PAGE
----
Nineteen-year-old Florence Lachapelle was among hundreds of Quebecers who tried their hand at planting seeds and harvesting produce this summer, replacing migrant workers who were unable to leave their countries because of the COVID-19 pandemic.
And while Ms. Lachapelle spent long days working the fields on François D’Aoust’s farm in Havelock, Que., too few other Quebecers took up the call to help the province’s struggling agricultural industry.
Despite a recruiting drive by the provincial government in April, the lack of labour this season has forced farmers to cut production or leave food rotting in the fields.
Unfortunately for Ms. Lachapelle, she fell ill with mononucleosis after two months and returned home to Montreal. She said the work was very demanding with so few migrant workers available.
“They’re professionals and we’re simply not,” Ms. Lachapelle said in a recent interview.
Mr. D’Aoust said he hired a handful of people to work alongside Ms. Lachapelle, who were out of work in other sectors such as communications, film and the restaurant industry. But once their opportunities returned, he said, they left for their better-paying jobs.
“Not a lot of people are used to [physical] work all day,” Mr. D’Aoust said in a recent interview. “It’s just not the kind of work that we do. It’s rare that people are in shape and can [work] all day in the field.
“People that are farmers, themselves, in their country, surely they are at an advantage.”
Mr. D’Aoust and his wife, Mélina Plante, have hired the same four Guatemalan seasonal workers year after year. But this year, the farmhands were stuck at home at the beginning of Quebec’s farming season because of travel restrictions their country imposed to limit the spread of COVID-19.
He said it takes inexperienced Quebecers up to three times as long to do farm work compared with a migrant worker. That meant he had to pay locals to do less work, eating into his profit.
Mr. D’Aoust slashed production at his farm, Les bontés de la vallée, by 60 per cent this year because he and his wife figured they would only have migrant workers later in the harvest season.
Two Guatemalan workers eventually made it on Mr. D’Aoust and Ms. Plante’s farm – but the financial damage to the business was done. “What we hope is to pass through this difficult period without too much loss and start again next year,” he said. “We just want to stay alive.”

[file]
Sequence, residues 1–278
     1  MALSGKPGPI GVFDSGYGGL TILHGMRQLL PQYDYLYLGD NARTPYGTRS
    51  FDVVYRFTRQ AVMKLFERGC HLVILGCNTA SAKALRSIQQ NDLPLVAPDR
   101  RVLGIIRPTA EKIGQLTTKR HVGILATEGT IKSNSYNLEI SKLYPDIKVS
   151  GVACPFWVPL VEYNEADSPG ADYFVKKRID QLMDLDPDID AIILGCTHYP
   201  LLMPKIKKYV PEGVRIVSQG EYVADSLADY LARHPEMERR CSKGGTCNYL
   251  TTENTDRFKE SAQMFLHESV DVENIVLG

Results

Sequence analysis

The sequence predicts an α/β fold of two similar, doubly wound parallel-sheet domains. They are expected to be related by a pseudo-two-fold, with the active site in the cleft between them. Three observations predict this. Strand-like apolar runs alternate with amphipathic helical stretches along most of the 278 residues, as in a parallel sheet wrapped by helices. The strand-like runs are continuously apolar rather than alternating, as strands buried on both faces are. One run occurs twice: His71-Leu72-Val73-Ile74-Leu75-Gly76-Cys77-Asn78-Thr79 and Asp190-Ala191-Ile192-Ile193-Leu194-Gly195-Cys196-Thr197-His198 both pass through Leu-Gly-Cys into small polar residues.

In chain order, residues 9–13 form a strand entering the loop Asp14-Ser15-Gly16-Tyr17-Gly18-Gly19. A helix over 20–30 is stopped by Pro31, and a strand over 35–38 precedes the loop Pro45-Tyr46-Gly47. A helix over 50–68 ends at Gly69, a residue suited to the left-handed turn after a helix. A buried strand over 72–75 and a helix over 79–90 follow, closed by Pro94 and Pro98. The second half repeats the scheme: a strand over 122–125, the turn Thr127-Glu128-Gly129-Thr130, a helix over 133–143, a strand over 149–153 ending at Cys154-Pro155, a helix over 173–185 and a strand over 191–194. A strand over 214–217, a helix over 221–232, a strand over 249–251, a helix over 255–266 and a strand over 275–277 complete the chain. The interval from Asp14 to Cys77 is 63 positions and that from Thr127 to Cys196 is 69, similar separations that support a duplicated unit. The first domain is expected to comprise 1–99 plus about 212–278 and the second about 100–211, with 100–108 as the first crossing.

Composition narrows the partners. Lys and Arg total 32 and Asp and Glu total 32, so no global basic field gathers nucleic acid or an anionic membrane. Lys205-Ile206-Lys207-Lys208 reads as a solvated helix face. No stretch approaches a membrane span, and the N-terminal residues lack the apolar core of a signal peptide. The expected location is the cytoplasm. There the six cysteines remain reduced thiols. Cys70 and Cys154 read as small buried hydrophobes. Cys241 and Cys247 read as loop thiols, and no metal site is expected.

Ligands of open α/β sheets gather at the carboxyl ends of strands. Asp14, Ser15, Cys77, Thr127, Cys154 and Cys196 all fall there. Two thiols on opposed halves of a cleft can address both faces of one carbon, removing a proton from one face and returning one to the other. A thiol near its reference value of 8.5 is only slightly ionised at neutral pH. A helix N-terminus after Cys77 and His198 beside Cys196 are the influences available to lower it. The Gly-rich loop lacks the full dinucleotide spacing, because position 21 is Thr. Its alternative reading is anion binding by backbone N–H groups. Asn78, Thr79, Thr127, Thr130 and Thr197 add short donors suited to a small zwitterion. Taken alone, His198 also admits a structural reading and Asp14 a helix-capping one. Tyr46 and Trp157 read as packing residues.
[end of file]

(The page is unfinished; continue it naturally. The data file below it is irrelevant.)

For Michel Ricard, who owns 60 hectares of farmland in Saint-Alexis-de-Montcalm, about 60 kilometres north of Montreal, he said he’s going to lose a lot money and food this year because migrant workers from Mexico and Guatemala haven’t been able to arrive.
By the end of August, Mr. Ricard said he expects to lose approximately $100,000 worth of cucumbers because he has no one to pick them.
Experienced foreign workers are “essential for the future, for me and for the majority of growers of vegetables,” he said in a recent interview.
“The people from Guatemala are able to work from 6 a.m. to 6 p.m. It’s not a problem. Sometimes I need to stop them because they want to continue, but sometimes I say ‘that’s enough for today.‘”
Local workers haven’t been much help to him, he said. Mr. Ricard had his daughter post a message on Facebook to reach out to prospective farmhands, but he said only eight came through for him.
“It was impossible,” Mr. Ricard said.
The Union des producteurs agricoles, which represents about 42,000 Quebec farmers, says there are close to 2,000 fewer migrant workers on Quebec farms than usual. Despite the UPA’s efforts to lure Quebec workers through a recruiting drive, just less than 1,400 were assigned to Quebec farms this year.
“It didn’t replace, really, the foreign workers,” UPA president Marcel Groleau said in a recent interview. “It helped on some issues … but those workers are not trained and can’t really replace the foreign workers that are trained and have experience on farms.”
Farmers such as Mr. D’Aoust and Mr. Ricard say migrant farmhands are willing to work longer hours, even for minimal pay.
Mr. Groleau said the federal government’s emergency response benefit, which offers up to $2,000 a month to many people who have lost jobs, has encouraged Quebeckers to stay away from the gruelling field work.
“When you can get $2,000 a month sitting at home,” Mr. Groleau said, “it’s not really interesting to go on a farm and work a little bit for minimum wage.”
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